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JAMA Patient Page |

Clostridium difficile Colitis FREE

Janet M. Torpy, MD, Writer; Cassio Lynm, MA, Illustrator; Richard M. Glass, MD, Editor
JAMA. 2009;301(9):988. doi:10.1001/jama.301.9.988.
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Published online

Colitis (inflammation of the colon) can occur as a result of infection with the bacterium Clostridium difficile (also known as C difficile and C diff). The disease results from disruption or removal of normal healthy bacteria from the colon by antibiotics. The C difficile bacterium produces toxins (poisonous substances) that attack the lining of the colon and can cause severe damage to the colon itself. More commonly, C difficile toxins produce diarrhea and abdominal discomfort. Unfortunately, it is resistant to most antibiotics. Complications of C difficile colitis include bowel perforation (a hole in the colon) and pseudomembranous colitis (patches of severe inflammation and pus in the colon). C difficile is one of the most common infections that are typically acquired in health care institutions, along with MRSA (methicillin-resistant Staphylococcus aureus) and VRE (vancomycin-resistant Enterococcus). Hand washing and disinfection, isolation of infected patients, and appropriate antibiotic use are the best ways to reduce spread of these types of infection. The March 4, 2009, issue of JAMA contains an article about Clostridium difficile colitis.


  • Treatment with antibiotics

  • Hospitalization

  • Nursing home residency

  • Critical illness

  • Immune system depression (such as cancer, steroid treatment, HIV infection)

  • Age older than 65 years

  • Disease of the colon (such as inflammatory bowel disease)

  • Recent gastrointestinal surgery


  • Diarrhea, often watery

  • Fever

  • Abdominal pain and cramping

  • Nausea with or without vomiting

  • Weight loss


Diagnosing C difficile colitis relies on the patient's history of frequent diarrhea for several days, typically in a person who is taking or recently took antibiotics. A stool sample is tested for presence of C difficile toxins. Other tests may be required if complications are suspected, including blood counts, blood chemistry testing, abdominal x-rays, or computed tomography (CT) scanning.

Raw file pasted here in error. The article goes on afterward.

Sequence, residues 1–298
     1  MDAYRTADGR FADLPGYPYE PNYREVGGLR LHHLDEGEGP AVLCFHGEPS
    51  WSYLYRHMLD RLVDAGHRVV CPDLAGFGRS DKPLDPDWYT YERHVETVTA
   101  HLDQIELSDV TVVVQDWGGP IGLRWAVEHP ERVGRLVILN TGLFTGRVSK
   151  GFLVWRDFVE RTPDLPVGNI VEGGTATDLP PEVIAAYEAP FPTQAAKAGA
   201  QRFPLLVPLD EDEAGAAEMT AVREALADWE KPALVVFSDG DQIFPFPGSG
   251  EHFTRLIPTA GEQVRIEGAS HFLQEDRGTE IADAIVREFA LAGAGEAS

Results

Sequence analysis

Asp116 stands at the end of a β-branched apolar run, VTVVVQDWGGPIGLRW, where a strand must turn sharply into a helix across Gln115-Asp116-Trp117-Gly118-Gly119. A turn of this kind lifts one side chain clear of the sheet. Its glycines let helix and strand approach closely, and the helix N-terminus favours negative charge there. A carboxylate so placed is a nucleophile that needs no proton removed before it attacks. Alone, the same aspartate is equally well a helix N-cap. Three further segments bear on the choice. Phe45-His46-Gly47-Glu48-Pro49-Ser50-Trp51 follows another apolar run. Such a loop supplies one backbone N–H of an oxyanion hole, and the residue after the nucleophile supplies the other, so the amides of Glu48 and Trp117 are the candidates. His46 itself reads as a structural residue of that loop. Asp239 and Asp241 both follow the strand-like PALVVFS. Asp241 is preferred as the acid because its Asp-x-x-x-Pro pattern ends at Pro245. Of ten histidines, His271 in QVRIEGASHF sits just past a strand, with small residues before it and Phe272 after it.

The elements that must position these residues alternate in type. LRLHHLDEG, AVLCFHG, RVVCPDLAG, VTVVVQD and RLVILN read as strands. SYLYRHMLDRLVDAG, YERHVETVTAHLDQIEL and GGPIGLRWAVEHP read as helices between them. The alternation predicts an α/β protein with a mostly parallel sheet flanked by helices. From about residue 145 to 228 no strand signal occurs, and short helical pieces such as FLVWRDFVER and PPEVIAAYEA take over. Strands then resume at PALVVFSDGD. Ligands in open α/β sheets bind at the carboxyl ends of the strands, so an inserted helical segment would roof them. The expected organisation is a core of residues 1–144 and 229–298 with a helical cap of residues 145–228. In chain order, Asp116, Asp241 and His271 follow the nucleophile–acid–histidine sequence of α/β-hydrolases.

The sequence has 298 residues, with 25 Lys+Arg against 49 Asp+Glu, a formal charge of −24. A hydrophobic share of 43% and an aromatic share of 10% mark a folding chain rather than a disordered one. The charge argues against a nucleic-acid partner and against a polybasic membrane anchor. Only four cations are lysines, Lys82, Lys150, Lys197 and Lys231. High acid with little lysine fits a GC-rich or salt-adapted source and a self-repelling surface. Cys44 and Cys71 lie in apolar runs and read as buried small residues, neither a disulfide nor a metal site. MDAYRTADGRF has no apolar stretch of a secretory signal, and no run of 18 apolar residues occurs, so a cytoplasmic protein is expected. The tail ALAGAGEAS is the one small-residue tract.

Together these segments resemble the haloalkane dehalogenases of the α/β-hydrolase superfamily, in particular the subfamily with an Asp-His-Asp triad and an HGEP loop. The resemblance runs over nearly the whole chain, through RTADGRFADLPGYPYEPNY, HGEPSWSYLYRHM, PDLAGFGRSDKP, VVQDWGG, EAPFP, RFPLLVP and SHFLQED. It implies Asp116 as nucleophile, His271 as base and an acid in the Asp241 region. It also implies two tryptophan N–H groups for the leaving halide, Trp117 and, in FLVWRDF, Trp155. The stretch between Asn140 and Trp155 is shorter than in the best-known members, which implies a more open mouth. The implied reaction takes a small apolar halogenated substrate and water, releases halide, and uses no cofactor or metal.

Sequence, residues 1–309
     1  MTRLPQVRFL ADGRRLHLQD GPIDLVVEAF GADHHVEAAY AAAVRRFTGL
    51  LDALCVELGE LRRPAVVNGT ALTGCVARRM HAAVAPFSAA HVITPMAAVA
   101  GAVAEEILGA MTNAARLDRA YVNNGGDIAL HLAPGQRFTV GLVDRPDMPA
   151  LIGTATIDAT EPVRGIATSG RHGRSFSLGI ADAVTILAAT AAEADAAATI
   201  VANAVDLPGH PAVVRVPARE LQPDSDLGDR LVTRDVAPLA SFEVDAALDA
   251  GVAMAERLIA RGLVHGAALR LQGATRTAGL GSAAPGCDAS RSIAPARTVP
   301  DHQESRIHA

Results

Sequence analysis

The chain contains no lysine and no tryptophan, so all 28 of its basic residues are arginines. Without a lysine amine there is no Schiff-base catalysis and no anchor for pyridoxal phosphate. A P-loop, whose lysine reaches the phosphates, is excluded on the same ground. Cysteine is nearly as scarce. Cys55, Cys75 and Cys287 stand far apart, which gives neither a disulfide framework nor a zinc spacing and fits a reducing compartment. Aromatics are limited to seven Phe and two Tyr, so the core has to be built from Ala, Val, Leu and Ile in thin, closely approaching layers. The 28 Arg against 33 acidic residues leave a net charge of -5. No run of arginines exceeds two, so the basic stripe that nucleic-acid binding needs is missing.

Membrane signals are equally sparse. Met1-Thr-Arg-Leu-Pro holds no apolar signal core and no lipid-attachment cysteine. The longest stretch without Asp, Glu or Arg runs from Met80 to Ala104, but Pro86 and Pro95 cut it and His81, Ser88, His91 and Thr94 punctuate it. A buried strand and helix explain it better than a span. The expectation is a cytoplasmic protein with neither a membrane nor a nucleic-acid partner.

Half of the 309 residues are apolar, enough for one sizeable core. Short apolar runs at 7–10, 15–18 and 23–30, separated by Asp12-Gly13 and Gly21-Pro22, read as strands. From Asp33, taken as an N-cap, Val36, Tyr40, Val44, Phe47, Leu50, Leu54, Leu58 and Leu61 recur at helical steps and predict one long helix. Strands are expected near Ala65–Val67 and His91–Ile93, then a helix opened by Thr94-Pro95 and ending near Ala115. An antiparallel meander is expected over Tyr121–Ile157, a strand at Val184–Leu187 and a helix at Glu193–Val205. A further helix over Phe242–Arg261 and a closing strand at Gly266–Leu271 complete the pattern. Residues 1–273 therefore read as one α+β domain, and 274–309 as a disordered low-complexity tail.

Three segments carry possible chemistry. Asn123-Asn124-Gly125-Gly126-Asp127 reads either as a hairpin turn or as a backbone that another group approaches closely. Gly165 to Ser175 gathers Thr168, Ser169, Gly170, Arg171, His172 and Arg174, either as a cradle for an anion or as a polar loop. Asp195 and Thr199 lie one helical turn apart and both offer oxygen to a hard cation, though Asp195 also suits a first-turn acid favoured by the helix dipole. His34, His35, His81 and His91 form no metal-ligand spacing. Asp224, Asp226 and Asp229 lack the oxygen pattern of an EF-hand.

To find this and previous JAMA Patient Pages, go to the Patient Page link on JAMA's Web site at http://www.jama.com. Many are available in English and Spanish. A Patient Page on MRSA infections was published in the October 17, 2007, issue.

Sources: Centers for Disease Control and Prevention; National Institute of Diabetes and Digestive and Kidney Diseases; American Gastroenterological Association

The JAMA Patient Page is a public service of JAMA. The information and recommendations appearing on this page are appropriate in most instances, but they are not a substitute for medical diagnosis. For specific information concerning your personal medical condition, JAMA suggests that you consult your physician. This page may be photocopied noncommercially by physicians and other health care professionals to share with patients. To purchase bulk reprints, call 312/464-0776.




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The American Medical Association is accredited by the Accreditation Council for Continuing Medical Education to provide continuing medical education for physicians. The AMA designates this journal-based CME activity for a maximum of 1 AMA PRA Category 1 CreditTM per course. Physicians should claim only the credit commensurate with the extent of their participation in the activity. Physicians who complete the CME course and score at least 80% correct on the quiz are eligible for AMA PRA Category 1 CreditTM.
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